I’m not like other girls when it comes to shopping.
In fact, if I never stepped inside a mall again, I would be okay with that. Instead, you’re much more likely to find me happily digging through an antique/vintage/architectural salvage-type store any day.
Important: Be sure to wear proper protective gear when refinishing architectural salvage items. Paint found on older items most likely contains lead, which poses a dangerous health risk.
My love for reclaimed items works out well, considering we recently completed a whole house renovation. (Although – let’s get real…. do you REALLY ever finish one of those?)
I didn’t think so. 🙂
Our house was not livable when my husband bought it. Vandals had broken in while it was vacant and removed the copper plumbing and anything else of value.
Worse, the entire house was completely saturated with the most horrible pet smells you could ever imagine. I’ve never experienced anything quite like it – and hopefully never will again. It literally made your eyes water when you stepped inside.
At this point, we’ve redone just about everything – tore out all the flooring and wood trim, replaced subfloors (down to the joists) to get rid of the pet urine odors, tore out drywall, replaced windows and siding, redid fireplaces, gutted the kitchen and bathrooms… As you might imagine, the deeper into it we got, the more we found needed to be redone or replaced.
I’ll be writing extensively on this process in the weeks and months to come. But today, I want to share a relatively “quick win” that added a lot of character and charm for not a lot of money.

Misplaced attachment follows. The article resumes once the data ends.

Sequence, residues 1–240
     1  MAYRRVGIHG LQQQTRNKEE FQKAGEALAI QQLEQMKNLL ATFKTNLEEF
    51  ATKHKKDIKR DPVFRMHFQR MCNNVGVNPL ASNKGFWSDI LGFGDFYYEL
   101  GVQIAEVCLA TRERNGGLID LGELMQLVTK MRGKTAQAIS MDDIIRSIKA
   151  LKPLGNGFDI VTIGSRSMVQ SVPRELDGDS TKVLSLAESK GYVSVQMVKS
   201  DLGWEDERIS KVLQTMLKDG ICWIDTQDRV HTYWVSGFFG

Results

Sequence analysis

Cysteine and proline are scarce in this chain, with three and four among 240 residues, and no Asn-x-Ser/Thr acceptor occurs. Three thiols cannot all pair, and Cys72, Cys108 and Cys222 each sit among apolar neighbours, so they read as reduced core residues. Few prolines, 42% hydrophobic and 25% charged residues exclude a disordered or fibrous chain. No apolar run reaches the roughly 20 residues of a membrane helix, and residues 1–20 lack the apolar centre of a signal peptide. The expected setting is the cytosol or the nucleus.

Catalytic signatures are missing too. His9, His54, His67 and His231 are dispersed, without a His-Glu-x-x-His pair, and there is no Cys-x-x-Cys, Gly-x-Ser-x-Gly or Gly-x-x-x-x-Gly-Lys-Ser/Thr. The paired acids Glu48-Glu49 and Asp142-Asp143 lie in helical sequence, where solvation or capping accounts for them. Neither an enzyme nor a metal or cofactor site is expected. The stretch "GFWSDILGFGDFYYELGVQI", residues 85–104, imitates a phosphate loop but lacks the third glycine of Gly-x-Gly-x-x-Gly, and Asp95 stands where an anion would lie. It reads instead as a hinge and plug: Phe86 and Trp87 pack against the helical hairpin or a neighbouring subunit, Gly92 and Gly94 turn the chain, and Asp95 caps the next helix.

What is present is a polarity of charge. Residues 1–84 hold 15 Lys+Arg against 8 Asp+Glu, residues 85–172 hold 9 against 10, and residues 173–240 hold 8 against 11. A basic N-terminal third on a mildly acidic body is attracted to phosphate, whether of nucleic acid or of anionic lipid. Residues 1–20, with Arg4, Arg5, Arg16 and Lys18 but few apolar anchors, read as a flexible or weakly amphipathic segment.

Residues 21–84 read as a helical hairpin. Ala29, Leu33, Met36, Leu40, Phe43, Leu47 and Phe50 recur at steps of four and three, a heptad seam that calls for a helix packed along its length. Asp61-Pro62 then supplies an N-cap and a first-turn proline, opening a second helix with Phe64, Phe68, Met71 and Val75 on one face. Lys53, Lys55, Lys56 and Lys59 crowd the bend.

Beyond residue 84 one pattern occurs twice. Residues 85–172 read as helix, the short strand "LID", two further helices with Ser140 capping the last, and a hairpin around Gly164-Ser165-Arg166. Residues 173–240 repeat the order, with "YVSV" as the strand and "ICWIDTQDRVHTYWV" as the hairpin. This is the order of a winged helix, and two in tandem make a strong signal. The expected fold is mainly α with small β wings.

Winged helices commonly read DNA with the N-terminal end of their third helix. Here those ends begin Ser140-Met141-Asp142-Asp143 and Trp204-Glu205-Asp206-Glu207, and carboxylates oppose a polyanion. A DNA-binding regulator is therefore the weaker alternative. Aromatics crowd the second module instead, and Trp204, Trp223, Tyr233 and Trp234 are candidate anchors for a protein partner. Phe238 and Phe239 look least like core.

We have a nice-sized sunroom in the back of the house, which was originally separated from the main living room and kitchen by a set of er, past-their-prime french doors:
Not sure if this picture really does justice to what we started with, so I added some arrows to point out the heavily soiled carpet, and the warped and damaged doors. The faux-finish block pattern on the walls was dated and also damaged in spots.
We decided to remove the french doors to open it up a bit, and then my husband had a brilliant idea – instead of leaving just a big open door frame leading into this sunlit room, why not add a leaded glass transom across the top to add a little architectural interest?
(When we redid the exterior windows, we added transoms across all windows on the back of the house, so this echoed that design element).
After some searching online, we found an architectural salvage dealer about an hour away from here – and came home with the one pictured above.
With a little TLC (removed the dark brown peeling paint, filled in areas where the original wood had crumbled, sanded, repainted and framed into the newly reframed doorway) – and here is that window today: (apologies on picture quality – will take some new ones soon with better lighting).
As you can see, we replaced the heavily soiled carpet, the old windows (had to, they were in pretty bad shape), added new, larger trim (painted ‘Dover White’ by Sherwin Williams) and painted a darker color on the walls (‘Refuge’ by SW). The room still needs the finishing touches – window treatments, an area rug, etc… but it’s a lot more livable than it was.
Eventually, this will become our dining room – but for now, it’s a great place to enjoy a morning cup of coffee.
What are your thoughts on using reclaimed items (architectural salvage) to add character to newer homes? Have any projects you’d like to share? Please leave a comment below!